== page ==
A fourth grader was so offended by a math problem in her homework that she decided to answer it by bringing attention to a much bigger issue, KSTU reports.
Rhythm Pacheco, a 9-year-old student in the Murray City School District in Utah, was working on an assignment as part of her Common Core math curriculum when she came across the question.
"It says, 'The table to the right shows the weight of three Grade 4 students. How much heavier is Isabell than the lightest student?'" Rhythm's mother Naomi told the station.
Naomi said her daughter told her that she wouldn't answer it because it appeared to encourage body-shaming.
"I thought it was offensive," Rhythm said. "I didn’t like that because girls shouldn’t be comparing each other. I know it was a math problem… but I don’t think that was really okay."
Instead of trying to solve the problem, the 8-year-old instead decided to use it as an opportunity to educate her teacher.
"She circled [the question] and wrote, 'What! This is offensive! Sorry I won't write this it's rude,'" Naomi said.
Rhythm said she was worried that she would get in trouble for the response, so she wrote a follow-up note to her teacher detailing why she didn't want to answer the question.
"I don’t want to be rude, but I think that math problem wasn’t very nice, I thought that was judging people’s weight," her letter read. "Also, the reason I didn’t write a sentence is because I just didn’t think that was nice."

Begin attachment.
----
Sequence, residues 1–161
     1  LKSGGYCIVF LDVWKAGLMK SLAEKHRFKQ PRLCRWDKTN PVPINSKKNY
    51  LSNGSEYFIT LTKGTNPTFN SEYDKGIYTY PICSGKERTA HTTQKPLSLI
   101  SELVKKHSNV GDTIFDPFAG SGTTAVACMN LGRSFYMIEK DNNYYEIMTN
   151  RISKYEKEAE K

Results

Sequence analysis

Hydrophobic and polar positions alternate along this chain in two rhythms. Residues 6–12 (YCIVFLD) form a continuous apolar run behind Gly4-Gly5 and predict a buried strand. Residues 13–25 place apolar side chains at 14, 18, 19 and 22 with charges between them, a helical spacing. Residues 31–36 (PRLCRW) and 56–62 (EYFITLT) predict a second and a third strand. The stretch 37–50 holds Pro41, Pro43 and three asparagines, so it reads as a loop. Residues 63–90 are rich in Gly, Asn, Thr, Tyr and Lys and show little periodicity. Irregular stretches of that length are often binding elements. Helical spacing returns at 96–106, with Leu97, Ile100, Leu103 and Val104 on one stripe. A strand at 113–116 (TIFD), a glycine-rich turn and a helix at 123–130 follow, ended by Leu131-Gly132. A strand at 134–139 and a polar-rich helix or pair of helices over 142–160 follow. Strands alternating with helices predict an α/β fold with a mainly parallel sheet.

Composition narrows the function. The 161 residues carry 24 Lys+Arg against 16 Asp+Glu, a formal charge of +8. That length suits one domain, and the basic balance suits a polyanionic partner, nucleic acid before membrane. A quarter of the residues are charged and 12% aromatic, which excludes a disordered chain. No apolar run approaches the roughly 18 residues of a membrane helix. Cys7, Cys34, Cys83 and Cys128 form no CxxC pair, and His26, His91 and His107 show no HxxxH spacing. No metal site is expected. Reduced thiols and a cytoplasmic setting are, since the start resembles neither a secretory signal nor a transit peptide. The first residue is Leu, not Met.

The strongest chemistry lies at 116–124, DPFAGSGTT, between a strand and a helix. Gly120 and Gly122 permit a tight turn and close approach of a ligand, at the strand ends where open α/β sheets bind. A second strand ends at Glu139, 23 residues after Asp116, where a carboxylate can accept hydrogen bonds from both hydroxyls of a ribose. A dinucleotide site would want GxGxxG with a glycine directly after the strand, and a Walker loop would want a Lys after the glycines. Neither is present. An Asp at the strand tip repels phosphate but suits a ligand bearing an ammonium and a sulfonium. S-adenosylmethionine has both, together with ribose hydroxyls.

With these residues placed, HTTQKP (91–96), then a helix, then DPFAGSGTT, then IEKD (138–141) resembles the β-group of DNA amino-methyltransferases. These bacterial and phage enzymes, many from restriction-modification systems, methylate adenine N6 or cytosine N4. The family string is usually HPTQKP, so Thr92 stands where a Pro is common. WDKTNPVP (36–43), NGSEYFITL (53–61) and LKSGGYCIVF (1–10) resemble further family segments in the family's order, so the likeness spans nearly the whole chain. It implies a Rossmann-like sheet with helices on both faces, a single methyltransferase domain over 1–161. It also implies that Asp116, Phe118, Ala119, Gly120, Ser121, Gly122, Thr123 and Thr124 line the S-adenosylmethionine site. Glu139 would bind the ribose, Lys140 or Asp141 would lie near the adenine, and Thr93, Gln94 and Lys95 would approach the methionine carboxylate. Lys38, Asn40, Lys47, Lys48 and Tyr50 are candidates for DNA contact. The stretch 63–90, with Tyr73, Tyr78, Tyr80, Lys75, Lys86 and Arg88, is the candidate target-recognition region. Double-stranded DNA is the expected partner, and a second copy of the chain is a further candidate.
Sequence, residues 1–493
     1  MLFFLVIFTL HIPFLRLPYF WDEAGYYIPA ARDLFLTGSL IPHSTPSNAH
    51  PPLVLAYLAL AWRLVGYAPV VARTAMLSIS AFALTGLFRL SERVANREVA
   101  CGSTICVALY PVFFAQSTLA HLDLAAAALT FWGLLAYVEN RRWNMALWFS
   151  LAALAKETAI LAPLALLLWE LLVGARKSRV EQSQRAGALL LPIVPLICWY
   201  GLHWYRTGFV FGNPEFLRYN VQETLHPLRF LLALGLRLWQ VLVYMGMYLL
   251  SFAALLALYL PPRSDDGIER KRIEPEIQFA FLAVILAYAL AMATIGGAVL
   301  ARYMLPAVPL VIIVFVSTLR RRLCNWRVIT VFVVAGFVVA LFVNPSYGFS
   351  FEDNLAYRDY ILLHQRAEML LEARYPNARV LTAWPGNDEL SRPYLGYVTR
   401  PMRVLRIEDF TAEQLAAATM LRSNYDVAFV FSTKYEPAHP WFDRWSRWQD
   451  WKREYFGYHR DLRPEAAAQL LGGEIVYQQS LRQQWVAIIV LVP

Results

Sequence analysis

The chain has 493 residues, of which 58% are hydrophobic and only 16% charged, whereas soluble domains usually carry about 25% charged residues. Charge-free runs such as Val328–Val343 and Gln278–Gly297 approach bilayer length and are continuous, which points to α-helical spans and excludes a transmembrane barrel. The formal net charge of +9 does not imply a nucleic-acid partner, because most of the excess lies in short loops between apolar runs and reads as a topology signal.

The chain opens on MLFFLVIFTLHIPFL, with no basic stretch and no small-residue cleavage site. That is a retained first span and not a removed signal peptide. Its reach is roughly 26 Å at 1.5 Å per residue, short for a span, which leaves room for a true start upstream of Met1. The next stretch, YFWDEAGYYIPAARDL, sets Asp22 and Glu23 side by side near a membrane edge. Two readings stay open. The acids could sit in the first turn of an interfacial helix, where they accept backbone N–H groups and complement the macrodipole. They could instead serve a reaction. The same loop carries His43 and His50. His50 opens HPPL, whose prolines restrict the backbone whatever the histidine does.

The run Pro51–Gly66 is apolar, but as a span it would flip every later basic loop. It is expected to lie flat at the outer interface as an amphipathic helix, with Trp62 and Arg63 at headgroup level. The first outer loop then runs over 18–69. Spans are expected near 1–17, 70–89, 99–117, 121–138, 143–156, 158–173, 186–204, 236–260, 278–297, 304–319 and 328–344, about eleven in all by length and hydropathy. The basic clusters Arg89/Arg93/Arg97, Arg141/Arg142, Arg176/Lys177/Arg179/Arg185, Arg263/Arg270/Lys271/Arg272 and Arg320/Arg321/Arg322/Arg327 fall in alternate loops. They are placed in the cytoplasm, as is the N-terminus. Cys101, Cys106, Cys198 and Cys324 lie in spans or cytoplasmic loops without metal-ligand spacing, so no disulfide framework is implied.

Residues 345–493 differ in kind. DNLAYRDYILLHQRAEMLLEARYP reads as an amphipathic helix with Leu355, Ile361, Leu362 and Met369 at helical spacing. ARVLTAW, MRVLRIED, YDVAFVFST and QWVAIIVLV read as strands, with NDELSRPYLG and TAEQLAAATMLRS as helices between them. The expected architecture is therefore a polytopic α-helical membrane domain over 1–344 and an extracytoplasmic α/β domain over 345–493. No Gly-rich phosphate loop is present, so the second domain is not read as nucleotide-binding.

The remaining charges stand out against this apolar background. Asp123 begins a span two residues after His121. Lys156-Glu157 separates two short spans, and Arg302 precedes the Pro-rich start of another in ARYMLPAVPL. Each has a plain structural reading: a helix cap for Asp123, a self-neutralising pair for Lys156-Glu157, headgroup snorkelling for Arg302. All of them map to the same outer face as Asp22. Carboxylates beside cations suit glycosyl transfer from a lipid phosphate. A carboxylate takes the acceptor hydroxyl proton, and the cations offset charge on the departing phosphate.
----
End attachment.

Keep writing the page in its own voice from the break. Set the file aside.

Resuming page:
Fortunately, the teacher was receptive and supported the fourth grader's decision, Naomi said.
"This isn’t about the teacher, the school, or anything — we love our school and our community," the mother said.
Both the school district and the company that provided Rhythm's school with the math curriculum — Eureka Math — have since defended the assignment.
"I can certainly see if a 4th-grade student did misconstrue that question," said Melissa Hamilton, the Murray City School District Director of Elementary Teaching and Learning. "However, in math curriculum, [it] wasn’t about body image — the question was about moving kilograms to pounds."
A representative for Eureka agreed.
"There is no value judgment in the question about weight, it’s merely a comparison," Eureka Math’s Director of Marketing Communications Chad Colby told KSTU. "It sounds like the parent is putting the value judgment on it, not the question."